Can I still exercise with tennis elbow?

Can I still exercise with tennis elbow?

If you have tennis elbow or golfer's elbow, you can certainly continue with cardio and lower body exercises (this is probably obvious and uncontroversial!)  …

The big question is: Should you keep lifting weights or do upper body strength training? (with or without weight or equipment) depends...

If your injury was originally caused by lifting weights, you may need to temporarily reduce or stop your upper body workouts.

You may still benefit from tennis elbow specific rehab exercises, but the question remains: When is the right time to start these rehab exercises?

  • If your injury stemmed from other activities, it may not be necessary to stop.
  • But you may still need to reduce: (less weight, less resistance and/or the number of sets you do)...  
  • And you may need to give up some exercises altogether for a while, as they may be affecting your tennis elbow too much - see this post on "Which Exercises Should I Avoid?"

Of course, continuing to do cardio and lower body workouts is not only acceptable, but highly desirable from a "stay fit" standpoint, as well as maintaining good circulation and healing in the injured upper body.

Although swimming is in its own category. It may or may not work -- especially if you have golfer's elbows. Check out my article/video on swimmer's elbow here for more info

Stopping everything just invites more stagnation and degeneration, and these are definitely your worst enemies when you're hurting your tendons!

Below is an overview of the principles of tennis elbow exercise and rehabilitation

Podcast: Exercise Smartly When You Have Tennis Elbow

This is a version of the podcast you can download and keep by clicking the "Download" link below the player below.

One of the main concerns and determining factors is whether you develop tennis elbow from "over-exercising" - such as exercising too often without adequate recovery time, using poor form and/or excessive weight or resistance, whether lifting weights or Do something else in the form of strength training.

If that's what caused your injury in the first place, it's probably ideal (and common sense) to take a break from that activity (or any activity you're fairly certain would cause your injury).

What is Tennis Elbow and the Benefits of Using a Tennis Elbow Brace

But let's consider three other very common scenarios:

Your injury comes from some other high physical but non-athletic cause: construction, landscaping, etc.,

Your tennis elbow is playing tennis or golf the "classic" way.

Or you get injured from something repetitive but less physically strenuous, like using a computer.

1 – Injury due to heavy physical labor:

If you're using your upper body for some serious physical activity throughout the day, such as contract work/building, then more weight lifting in the gym may be too much for your muscles and tendons until you're healing Some progress has been made.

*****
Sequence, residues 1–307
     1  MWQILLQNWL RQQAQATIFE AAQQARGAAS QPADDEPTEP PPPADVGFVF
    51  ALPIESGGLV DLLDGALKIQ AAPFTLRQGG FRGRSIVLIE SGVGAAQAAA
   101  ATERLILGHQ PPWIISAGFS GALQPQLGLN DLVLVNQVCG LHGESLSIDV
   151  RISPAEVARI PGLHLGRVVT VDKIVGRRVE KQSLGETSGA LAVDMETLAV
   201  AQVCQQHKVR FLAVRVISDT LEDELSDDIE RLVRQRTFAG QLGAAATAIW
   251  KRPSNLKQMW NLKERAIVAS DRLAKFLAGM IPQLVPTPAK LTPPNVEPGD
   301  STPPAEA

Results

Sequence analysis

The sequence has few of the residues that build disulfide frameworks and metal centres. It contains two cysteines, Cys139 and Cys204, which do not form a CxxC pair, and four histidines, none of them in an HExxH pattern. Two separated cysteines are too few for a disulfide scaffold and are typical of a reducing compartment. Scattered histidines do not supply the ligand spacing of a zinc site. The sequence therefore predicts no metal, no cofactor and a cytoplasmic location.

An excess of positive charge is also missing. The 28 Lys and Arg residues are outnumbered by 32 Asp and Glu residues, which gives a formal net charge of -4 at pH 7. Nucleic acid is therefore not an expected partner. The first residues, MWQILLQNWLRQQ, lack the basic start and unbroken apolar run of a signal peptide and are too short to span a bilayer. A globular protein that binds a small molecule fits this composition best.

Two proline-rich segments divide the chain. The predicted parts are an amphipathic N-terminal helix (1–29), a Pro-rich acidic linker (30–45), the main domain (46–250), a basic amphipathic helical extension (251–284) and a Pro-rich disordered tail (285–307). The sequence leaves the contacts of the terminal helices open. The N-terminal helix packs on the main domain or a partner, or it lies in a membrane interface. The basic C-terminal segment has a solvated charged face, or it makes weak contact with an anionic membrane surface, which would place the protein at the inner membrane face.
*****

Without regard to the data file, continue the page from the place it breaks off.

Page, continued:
In this case, rest and recovery time makes the most sense for you. Can't take a break from get off work? So, something has to be given.

Be sure to get enough sleep. That's when most tissue repair happens, and you probably need it more than anyone.

2 – Tennis Golf/Short Activity Injuries:

If your injury came from golf, tennis, or some other short-duration, moderate-intensity sport or activity, continuing your gym workouts can be very beneficial—though it's wise to play tennis or golf less often.

If you have severe tennis elbow, you should definitely be prepared to stop playing for a while if necessary—and know that if you continue (whether severe or not), recovery will take longer.

It would be wise to temporarily stop playing tennis or golf and focus on weight training and other structural exercises (as well as core strength, shoulder flexibility, etc.) where you carefully control the load and strength. Muscles and tendons - unpredictable things don't happen like tennis and golf.

3 - Low Intensity/High Duration - Computer Use, etc:

Finally, if your injury was due to computer use or any other type of low-intensity but highly repetitive work, task, or hobby, then you may benefit most from continuing with weight training.

If you don't already have an exercise program - this might be a good time to start a cardio/core/lower body program, at least, for the overall good...  

It might even make sense to start doing some upper body work (light weights very slowly and carefully) - if you haven't done any already.

In your case, part of your problem may stem from prolonged periods of low-intensity, repetitive, and minimal range-of-motion movements that weaken your muscles and tendons, and you should benefit from careful, progressive, low-weight exercise.

If you're going to keep exercising, be smart

In short: warm up! Do less - remember, all grips will challenge your tennis (and golfer's) elbow muscles

1 – Warm up thoroughly: Start with at least 10 to 15 minutes of cardio to get your blood flowing and warm up your muscles – (better yet, make this a top priority of your workout, from 30 to 45 start in minutes.)

Do your ab/core/glutes and leg routine before upper body strength training to further warm up your entire body

Consider doing some gentle, light forearm specific exercises and stretches before doing upper body weight/resistance training.